June 14, 2015
June 14, 2015
June 17, 2015
Educational Research and Methods
26.1589.1 - 26.1589.14
Towards a Framework for Assessing Computational Competencies for Engineering Undergraduate StudentsAssessment is a central component of educational reform. Valid assessments are key tomeasuring student learning and further establish a relationship between instruction and learningoutcomes. Despite the central role that computation plays in engineering there remains anabsence of valid assessments to measure computational competencies for engineers. The focus ofthis paper is to describe our progress towards characterizing students’ skills and behaviorsassociated with computational competency as they solve engineering problems. This work willcontribute to our understanding about computational problem solving uniquely characterized inthe context of engineering.The Collaborative Process to Align Computing Education with Engineering Workforce Needs(CPACE) team developed a collaborative process between industry, business and academia toidentify the computational competencies and skills that are essential for a globally competitiveengineering workforce. These findings were translated to computer science (CS) concepts to beused in curricular implementation (CPACE computational competencies). Our goal was to infusecomputational problem solving competencies throughout the engineering undergraduatecurricula. To achieve this goal we introduced problems that provided a context where studentswere required to apply computational concepts for their solution.Our data collection involved student surveys and student artifacts including final project reportsand homework assignments. We designed rubrics based on the CPACE computationalcompetencies and used them to compare self-reported survey data regarding students’computational abilities and actual performance in classroom assignments. A major challengeemerged during initial analysis of student artifacts, we discovered that employing the artifactsalone made it difficult to recognize students’ computational thinking processes [let alonemeasure computational competencies] as they solved engineering problems. To complement ouranalysis and understand the complexity of the students’ computational thinking processes weconducted semi-structured interviews; the objective was to focus on the role of computationduring the problem solving process.The interviews focused on asking students to describe/recount their thought processes as theysolved the engineering problem. The addition of interview data and qualitative analysis to the existing data (surveys, student artifacts, rubrics) allowed for triangulation and in depth validity checks across data sources. The CPACE team has identified critical steps that allow us to make clear connections between students’ computational thinking processesCPACE Qualitative Process. and CPACE computationalThe boxes represent distinct competencies. The overall processsteps in the process; the arrows of Interview Coding andpoint to the connections between Alignment to CPACEsteps.Computational Competencies is summarized in the figure above.This paper focuses on the analyses of the students’ interviews and our efforts to define atriangulation process [across data sources] that will allow us to inform the core researchquestion: What are the features that broadly characterize the knowledge, skills and behaviorsassociated with computational competencies for undergraduate engineering students?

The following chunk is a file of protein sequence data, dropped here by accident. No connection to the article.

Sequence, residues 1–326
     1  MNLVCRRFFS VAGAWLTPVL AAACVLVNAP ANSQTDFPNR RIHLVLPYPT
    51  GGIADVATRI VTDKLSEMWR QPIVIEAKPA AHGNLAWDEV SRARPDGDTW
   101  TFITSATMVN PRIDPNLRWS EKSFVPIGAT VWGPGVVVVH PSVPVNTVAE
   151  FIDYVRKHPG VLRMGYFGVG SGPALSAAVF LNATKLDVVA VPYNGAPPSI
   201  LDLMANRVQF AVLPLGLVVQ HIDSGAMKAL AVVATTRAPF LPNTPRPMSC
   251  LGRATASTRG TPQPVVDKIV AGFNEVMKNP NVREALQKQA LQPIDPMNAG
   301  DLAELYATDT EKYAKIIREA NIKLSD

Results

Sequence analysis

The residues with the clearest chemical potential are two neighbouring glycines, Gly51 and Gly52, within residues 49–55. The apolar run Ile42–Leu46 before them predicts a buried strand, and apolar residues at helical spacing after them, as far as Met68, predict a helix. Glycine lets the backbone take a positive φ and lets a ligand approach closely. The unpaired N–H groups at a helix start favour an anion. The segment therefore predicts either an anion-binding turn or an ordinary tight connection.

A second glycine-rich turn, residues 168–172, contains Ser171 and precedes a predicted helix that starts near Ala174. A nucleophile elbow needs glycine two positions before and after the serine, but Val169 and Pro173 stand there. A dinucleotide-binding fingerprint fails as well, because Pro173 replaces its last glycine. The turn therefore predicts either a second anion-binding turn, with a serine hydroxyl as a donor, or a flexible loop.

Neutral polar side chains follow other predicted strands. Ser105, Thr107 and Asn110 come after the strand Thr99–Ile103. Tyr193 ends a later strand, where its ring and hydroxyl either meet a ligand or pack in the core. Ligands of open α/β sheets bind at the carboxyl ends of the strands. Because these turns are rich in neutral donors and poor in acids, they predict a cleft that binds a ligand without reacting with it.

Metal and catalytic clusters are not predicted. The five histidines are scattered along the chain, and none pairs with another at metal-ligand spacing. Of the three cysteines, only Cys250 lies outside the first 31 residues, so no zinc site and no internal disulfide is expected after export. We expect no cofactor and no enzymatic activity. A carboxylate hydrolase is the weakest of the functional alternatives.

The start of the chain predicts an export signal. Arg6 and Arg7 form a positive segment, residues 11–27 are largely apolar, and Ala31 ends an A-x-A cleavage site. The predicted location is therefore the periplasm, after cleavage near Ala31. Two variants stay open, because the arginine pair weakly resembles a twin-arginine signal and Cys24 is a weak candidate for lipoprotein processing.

Vergara, C. E., & Cavanaugh, M., & Sivakumar, S. N., & Briedis, D., & Dionise, T. D., & Esfahanian, A., & Sticklen, J., & Urban-Lurain, M. (2015, June), Towards a Framework for Assessing Computational Competencies for Engineering Undergraduate Students Paper presented at 2015 ASEE Annual Conference & Exposition, Seattle, Washington. 10.18260/p.24925
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